Building Gvim from source

Posted: August 15, 2010 in Vim
Tags: , ,

I recently stumbled upon this very interesting vim plugin – OmniCppComplete. It promised to solve one of the problems that has been nagging me. While editing C/C++ code in vim, I have always wished if it could behave like Visual Studio and show structure/class members when we give object. or object->.

I wanted to try it out right away. But now comes the problem. It works only on vim 7 and above. It seems vim 7 onwards, OmniComplete feature is added which allows such stuff. At my workplace, the Debian server where I write code, has vim 6. Tough luck. Plus, I share the server with another 12 users, and do not have root powers. So next option is to build gvim from source. It wasn’t as easy, so this post explains the step I took to get it working.

Before we begin, a brief introduction about building stuff from source in Linux.

Step 0 – Brief introduction to building from source in Linux

Linux being open source, most software for Linux is open source too. That means you have full access to the source code. A bit of googling should get you what you are looking for. Traditionally, make is the utility used to build software for Unix like (and hence Linux) OSes. Linux has its own version of make called GNU make. It should be already installed on you Linux distro. Make depends upon a makefiles which describe what need to be done to build source code. To take care of the variations in Linux distros, GNU came up with  Autoconf and Automake which can generate makefiles based upon your particular Linux distro. Typically there will be an executable file “configure” which tells Autoconf/Automake how to generate make files.

So the typical steps to build something from source in Linux is

tar -xzvf source.tgz # untar source code
tar -zjvf source.tar.bz2 # same as above, different compression algo
cd source # move to source code directory
./configure # Autoconf/Automake will generate makefiles
make # make will build the binaries
make install # make install will copy binaries to /usr/bin \
             # or /usr/local/bin (may require root permissions)

Now if you have root permissions, you can follow the above steps. But there are times when you don’t have root permissions, or you do not want to install the binaries in the usual location, we can do this easily while invoking configure. Almost all configure scripts will take “–prefix” as an option. Here you can specify an alternate path where the binaries should be installed to when make install is given.

While compiling, I ran into some issues where configure picked my architecture to be 64 bit. But I wanted a 32 bit application. So I gave “–build” and “–host” options as i386-linux to specify a 32 bit compilation.

pkg-config is a neat utility that can help autoconf in finding the path of the required version of dependent packages. pkg-config will search the path in the same order specified by the environment variable PKG_CONFIG_PATH.

We are going to install gvim and the other stuff into /home/username/usr/bin since we do not have root permissions. So the typical commands that we are going to use are

export PREFIX=$HOME/usr
export PKG_CONFIG_PATH=$PREFIX/lib/pkgconfig
export HOST=1686-linux
export BUILD=i686-linux
./configure --prefix=$PREFIX --host=$HOST --build=$BUILD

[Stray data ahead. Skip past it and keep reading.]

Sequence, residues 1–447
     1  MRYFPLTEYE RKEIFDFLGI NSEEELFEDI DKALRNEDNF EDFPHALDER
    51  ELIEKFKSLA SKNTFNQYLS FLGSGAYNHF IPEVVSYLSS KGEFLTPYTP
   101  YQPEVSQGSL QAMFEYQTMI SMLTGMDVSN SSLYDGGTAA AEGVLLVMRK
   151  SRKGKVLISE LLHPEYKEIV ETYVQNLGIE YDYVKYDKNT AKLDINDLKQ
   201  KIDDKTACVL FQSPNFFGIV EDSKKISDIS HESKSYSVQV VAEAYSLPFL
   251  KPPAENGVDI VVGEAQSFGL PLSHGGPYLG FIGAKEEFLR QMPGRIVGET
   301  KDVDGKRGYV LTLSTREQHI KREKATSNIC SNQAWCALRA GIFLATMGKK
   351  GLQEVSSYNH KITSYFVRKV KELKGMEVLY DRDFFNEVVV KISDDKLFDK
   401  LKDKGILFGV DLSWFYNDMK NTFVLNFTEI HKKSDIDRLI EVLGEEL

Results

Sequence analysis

make install

Also we will keep all source code in /home/username/usr/src. So

mkdir -p ~/usr/src
cd ~/usr/src

Now we are all set. Let’s begin.

Step 1 – Get the source code of course 🙂


The latest version of gvim is 7.3 when I am writing this blog. But I got gvim setup a couple of weeks back, so still have 7.2. There is no separate code for gvim. The code for vim has the code for gvim as well. Gvim depends upon some graphical toolkit like GTK+ (GTK 1.2 from Gnome), GTK2 (current latest GTK from Gnome), Motif (from IBM’s CDE), Athena (from MIT) etc.

Step 2 – Untar it and try compiling

tar -xjvf vim-7.2.tar.bz2
cd vim72
./configure --prefix $HOME/usr --host=i386-linux --build=i386-linux

Wait a minute. Configure could not find any graphical front ends, so skipping gvim. Bad :(. We want to get gvim 7.2 and vim 7.2 is not enough. Typical Linux distributions rarely contain the “devel” packages required for compiling dependent package. Vim could not find the header files of GTK+/GTK2/Motif/Athena (usually found in “devel” package) required to build gvim. Since we do not have root powers, we cannot just do apt-get install.

Step 3 – Get GTK+ and its dependencies’ source code

Well this is not as easy as it sounds. GTK has its own dependencies. I went through the compilation of each source package to list down all the dependencies. Here is the compiled list.


Since I also use gvim for some coding in Python, I also got Python source code so that gvim was compiled with Python support (+python).


Step 4 – Untar all the stuff including GTK+ and Python

tar -xjvf glib-2.24.0.tar.bz2
tar -xzvf libxml2-2.7.1.tar.gz
tar -xzvf libpng-1.4.3.tar.gz
tar -xjvf atk-1.30.0.tar.bz2
tar -xjvf freetype-2.4.2.tar.bz2
tar -xzvf fontconfig-2.8.0.tar.gz
tar -xzvf pixman-0.18.2.tar.gz
tar -xzvf cairo-1.8.10.tar.gz
tar -xzvf pango-1.28.0.tar.gz
tar -xzvf gtk+-1.2.10.tar.gz
tar -xjvf Python-2.7.tar.bz2

Notice that we used ‘j’ switch for tar.bz2 archives and ‘z’ switch for tar.gz archives.

Setp 5 – Build them

export PREFIX=$HOME/usr
export PKG_CONFIG_PATH=$PREFIX/lib/pkgconfig
export HOST=i686-linux
export BUILD=1686-linux
cd glib-2.24.0
./configure --prefix=$PREFIX --host=$HOST --build=$BUILD
make install
cd ../libxml2-2.7.1